What are the Different Types of Retirement Benefits?

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  • Written By: Jessica Ellis
  • Edited By: Bronwyn Harris
  • Last Modified Date: 04 May 2020
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A retirement benefit is a monthly or periodic sum paid to a person who has retired from full-time work. Different jobs may entail different types of retirement benefits; some are mandatory while others are voluntarily undertaken. Some of the most common types of retirement benefits include Social Security benefits, pension plans, and military retirement benefits.

Social Security retirement benefits are paid out to most American workers upon retiring. In most jobs, deductions for Social Security are automatically taken from paychecks, meaning that workers are paying into the system throughout their careers. Benefit payments depend on how long a person has worked at qualifying jobs and the age at which he or she retires. Anyone born after 1960 will received a reduced benefit payout if they retire before age 67. A family member with benefits may be able to receive additional retirement benefits for his or her spouse and dependent children, and people who are widowed may be able to receive some of their deceased partner's benefits.

Pension plans are sometimes offered by employers in addition to Social Security retirement benefits. Other organizations, such as labor unions, may also offer pension plans to qualifying members. These plans are often tax-deferred and allow both employees and employers to contribute an annual amount to the fund. Upon retirement, the worker receives regular payments from the pension, usually lasting for the rest of his or her life. The major difference between pension plans and plans such as Social Security or the UK-based National Insurance is that pensions are private funds offered through an employer, while state-based retirement benefits work through government offices.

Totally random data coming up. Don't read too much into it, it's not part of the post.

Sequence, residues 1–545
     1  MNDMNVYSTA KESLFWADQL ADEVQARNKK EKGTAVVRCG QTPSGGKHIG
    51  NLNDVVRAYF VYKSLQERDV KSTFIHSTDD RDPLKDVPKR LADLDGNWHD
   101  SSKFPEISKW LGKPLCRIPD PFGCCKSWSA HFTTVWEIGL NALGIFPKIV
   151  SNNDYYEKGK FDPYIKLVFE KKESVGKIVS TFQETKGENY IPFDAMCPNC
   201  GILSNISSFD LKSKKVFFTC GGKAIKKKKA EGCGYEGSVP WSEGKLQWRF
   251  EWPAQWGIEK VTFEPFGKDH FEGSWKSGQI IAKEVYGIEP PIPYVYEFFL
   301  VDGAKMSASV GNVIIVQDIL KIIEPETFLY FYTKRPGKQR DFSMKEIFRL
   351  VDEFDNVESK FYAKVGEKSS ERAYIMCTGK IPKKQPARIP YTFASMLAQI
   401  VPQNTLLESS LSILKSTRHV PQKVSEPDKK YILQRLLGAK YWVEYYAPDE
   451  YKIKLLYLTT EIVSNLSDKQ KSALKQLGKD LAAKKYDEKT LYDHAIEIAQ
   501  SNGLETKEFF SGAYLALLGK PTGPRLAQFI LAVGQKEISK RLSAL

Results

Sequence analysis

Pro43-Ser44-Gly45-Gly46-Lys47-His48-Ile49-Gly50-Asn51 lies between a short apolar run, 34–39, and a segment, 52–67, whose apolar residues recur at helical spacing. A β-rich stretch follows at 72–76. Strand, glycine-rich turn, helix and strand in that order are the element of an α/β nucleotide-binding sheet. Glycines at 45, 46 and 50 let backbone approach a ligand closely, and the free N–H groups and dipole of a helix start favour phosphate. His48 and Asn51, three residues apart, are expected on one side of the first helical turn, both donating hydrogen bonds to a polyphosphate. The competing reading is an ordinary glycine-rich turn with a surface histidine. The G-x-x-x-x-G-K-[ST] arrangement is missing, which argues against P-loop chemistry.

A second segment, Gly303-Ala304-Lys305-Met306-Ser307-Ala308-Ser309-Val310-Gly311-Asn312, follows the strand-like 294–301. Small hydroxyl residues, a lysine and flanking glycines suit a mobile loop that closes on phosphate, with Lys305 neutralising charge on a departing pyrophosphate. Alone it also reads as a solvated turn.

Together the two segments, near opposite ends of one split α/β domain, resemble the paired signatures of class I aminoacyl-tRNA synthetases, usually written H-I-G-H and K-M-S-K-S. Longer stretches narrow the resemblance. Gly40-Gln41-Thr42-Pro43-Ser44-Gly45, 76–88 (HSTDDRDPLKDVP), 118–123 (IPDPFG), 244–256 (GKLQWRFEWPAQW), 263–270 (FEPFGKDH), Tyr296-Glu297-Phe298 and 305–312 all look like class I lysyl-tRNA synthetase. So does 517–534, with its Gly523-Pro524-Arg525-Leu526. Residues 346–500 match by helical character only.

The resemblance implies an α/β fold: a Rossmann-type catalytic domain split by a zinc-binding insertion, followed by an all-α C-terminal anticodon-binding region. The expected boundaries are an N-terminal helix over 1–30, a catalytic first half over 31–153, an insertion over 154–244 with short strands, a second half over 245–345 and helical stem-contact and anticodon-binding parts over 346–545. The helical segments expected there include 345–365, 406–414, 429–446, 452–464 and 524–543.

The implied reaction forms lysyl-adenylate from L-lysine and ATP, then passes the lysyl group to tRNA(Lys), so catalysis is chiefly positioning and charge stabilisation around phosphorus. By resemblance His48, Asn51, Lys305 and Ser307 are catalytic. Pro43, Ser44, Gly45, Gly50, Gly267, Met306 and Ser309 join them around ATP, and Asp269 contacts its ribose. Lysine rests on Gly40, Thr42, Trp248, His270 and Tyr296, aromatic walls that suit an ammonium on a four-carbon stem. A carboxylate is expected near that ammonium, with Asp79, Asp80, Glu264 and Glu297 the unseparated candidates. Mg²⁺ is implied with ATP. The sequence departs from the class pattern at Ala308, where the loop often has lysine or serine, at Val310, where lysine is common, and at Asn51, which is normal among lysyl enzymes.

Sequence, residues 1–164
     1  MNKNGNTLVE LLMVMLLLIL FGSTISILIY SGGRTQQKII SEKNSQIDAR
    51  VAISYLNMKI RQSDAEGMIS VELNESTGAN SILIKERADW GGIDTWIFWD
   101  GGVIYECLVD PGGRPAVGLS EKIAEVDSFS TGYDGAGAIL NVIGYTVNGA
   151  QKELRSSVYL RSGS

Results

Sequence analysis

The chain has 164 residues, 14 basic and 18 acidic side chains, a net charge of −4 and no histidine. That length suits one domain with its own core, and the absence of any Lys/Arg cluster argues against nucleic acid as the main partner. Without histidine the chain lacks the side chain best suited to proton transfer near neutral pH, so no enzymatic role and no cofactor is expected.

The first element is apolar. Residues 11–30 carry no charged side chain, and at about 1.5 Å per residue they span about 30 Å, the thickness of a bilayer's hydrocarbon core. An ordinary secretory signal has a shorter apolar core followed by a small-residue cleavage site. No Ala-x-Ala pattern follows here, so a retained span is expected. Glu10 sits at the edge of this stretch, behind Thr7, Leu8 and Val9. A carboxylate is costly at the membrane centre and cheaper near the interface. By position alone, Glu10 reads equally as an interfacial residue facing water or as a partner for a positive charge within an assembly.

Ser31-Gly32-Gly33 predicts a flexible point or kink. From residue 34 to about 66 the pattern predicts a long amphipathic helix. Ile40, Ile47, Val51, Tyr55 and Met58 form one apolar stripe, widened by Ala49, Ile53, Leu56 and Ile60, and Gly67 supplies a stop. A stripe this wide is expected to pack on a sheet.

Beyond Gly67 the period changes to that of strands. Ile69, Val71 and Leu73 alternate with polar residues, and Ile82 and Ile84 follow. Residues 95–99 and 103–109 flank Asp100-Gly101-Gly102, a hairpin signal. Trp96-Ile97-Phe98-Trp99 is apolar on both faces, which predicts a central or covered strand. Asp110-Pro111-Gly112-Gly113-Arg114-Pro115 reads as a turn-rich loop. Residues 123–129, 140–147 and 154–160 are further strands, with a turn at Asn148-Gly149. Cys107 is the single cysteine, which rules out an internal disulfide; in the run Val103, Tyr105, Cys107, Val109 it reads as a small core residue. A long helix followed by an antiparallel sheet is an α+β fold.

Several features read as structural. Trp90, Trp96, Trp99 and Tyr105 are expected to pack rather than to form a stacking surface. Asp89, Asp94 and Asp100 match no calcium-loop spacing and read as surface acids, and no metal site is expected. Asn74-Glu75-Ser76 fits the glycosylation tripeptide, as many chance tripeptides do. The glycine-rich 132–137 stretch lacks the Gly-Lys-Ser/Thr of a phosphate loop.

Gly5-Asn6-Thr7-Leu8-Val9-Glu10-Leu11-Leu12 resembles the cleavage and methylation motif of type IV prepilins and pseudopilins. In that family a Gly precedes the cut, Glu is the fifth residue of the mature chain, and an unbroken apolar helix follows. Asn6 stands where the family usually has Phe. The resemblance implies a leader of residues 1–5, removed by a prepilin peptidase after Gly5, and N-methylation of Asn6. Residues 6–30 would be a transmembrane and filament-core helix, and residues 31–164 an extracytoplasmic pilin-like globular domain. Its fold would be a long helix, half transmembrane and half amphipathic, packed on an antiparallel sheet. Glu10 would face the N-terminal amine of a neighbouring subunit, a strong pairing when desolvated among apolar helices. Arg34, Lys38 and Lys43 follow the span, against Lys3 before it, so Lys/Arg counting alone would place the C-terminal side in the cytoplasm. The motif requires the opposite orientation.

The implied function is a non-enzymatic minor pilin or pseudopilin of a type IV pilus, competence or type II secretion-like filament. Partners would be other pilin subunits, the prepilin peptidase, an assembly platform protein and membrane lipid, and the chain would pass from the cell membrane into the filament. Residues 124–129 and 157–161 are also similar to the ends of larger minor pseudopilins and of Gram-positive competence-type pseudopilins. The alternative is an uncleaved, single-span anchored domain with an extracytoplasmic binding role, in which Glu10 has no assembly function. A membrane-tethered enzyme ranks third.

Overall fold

Military retirement benefits are often handled separately than other state-run retirement programs such as Social Security. Often, people in the military do not remain employed by the service until the full retirement age because of the physical demands of many military positions. To deal with this issue, some military retirement plans allow personnel to start receiving benefits upon retiring from the military, even if they go on to a private career. Like other state-run plans, benefits levels are dependent on years served, among other conditions.

Retirement benefits are often very important to financial survival after retirement. With the demands of life and family, many people are unable to store up nest eggs in tradition savings accounts and must rely fully on the availability of retirement benefits after ceasing a regular work schedule. Since the fate of some state-run retirement programs, such as Social Security, is considered somewhat uncertain, financial experts often recommend trying to set up and at least make minimum contributions to a private retirement fund, pension plan, or annuity plan, as early as possible in a working career.

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